Time to chill out a bit. I searched the App store for something new and interesting to try, and came across a free app called Pro Keys. It’s a simple keyboard application that allows you to have two rows of keys with different sounds. The multitouch worked great, and I could even play a song. There are more robust (and expensive) piano apps in the App store that give you a greater range of playing choices.
End of Day 2
It’s funny because usually after buying a piece of technology I can easily answer questions like “Does this product improve my life?” or “Does this product make me more productive?”…but with the iPad, I still haven’t made up my mind. Since today was a work day, my focus was on productivity. I can say that while the iPad didn’t allow me to get more work done persay, it give me a choice in HOW I want to get the work done.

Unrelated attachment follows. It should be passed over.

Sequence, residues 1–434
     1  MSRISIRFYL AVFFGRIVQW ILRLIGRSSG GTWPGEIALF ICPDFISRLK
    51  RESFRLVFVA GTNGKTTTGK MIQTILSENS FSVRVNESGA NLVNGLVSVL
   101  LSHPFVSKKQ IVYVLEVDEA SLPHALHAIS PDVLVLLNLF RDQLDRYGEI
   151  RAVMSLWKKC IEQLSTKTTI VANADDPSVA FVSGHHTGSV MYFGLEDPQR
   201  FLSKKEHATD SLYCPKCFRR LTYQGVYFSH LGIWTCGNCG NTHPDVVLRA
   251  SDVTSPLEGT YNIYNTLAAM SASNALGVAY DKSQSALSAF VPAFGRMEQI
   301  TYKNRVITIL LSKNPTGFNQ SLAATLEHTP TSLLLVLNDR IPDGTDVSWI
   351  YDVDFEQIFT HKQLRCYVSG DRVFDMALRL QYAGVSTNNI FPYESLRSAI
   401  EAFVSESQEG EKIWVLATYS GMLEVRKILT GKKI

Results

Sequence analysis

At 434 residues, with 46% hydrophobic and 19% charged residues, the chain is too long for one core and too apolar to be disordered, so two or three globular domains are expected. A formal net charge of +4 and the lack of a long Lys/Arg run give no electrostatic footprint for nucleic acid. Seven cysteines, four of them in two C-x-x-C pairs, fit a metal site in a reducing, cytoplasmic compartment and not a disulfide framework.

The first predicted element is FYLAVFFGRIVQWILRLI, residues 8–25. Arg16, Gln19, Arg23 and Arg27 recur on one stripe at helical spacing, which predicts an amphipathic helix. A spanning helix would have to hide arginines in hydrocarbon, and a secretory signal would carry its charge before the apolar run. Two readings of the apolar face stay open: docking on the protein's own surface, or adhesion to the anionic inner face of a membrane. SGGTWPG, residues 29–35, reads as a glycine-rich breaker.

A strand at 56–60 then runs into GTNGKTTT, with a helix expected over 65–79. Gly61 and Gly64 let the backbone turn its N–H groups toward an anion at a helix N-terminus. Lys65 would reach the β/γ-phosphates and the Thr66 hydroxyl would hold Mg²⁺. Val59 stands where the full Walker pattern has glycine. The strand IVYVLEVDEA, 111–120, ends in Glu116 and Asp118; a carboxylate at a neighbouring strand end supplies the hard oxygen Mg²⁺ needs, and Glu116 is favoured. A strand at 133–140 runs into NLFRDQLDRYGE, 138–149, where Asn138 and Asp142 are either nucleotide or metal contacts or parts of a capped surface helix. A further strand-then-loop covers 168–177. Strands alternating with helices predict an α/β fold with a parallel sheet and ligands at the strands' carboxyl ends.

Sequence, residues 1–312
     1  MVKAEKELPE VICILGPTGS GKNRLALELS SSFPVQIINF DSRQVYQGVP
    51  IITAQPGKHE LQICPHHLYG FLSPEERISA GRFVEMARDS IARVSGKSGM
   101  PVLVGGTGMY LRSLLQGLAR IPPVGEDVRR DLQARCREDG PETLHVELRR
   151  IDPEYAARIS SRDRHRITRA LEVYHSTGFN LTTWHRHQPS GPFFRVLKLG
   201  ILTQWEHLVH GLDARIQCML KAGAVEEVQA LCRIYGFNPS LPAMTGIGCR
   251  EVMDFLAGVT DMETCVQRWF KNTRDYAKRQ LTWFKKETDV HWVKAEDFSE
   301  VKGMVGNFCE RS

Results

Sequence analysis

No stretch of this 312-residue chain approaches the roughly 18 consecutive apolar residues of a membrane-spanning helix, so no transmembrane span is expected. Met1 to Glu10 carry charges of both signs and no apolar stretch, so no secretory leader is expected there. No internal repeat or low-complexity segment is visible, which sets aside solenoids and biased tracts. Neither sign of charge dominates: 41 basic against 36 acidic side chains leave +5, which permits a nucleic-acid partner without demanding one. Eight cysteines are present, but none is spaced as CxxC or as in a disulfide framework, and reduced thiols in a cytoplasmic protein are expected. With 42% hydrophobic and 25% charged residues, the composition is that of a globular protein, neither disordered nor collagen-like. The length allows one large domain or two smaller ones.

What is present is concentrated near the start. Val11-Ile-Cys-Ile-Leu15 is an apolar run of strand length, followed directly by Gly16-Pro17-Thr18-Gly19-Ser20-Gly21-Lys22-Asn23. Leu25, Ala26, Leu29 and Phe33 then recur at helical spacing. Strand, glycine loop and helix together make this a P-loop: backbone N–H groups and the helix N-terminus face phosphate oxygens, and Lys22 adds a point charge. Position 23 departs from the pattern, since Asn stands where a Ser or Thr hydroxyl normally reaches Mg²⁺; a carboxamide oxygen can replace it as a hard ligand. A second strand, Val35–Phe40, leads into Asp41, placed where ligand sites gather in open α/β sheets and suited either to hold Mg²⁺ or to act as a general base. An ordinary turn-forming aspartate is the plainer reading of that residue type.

Also at the end of Day 2 I’ve become seriously concerned with what the iPad is doing to my eyes in terms of the strain. Perhaps I just need to adjust further. We’ll see!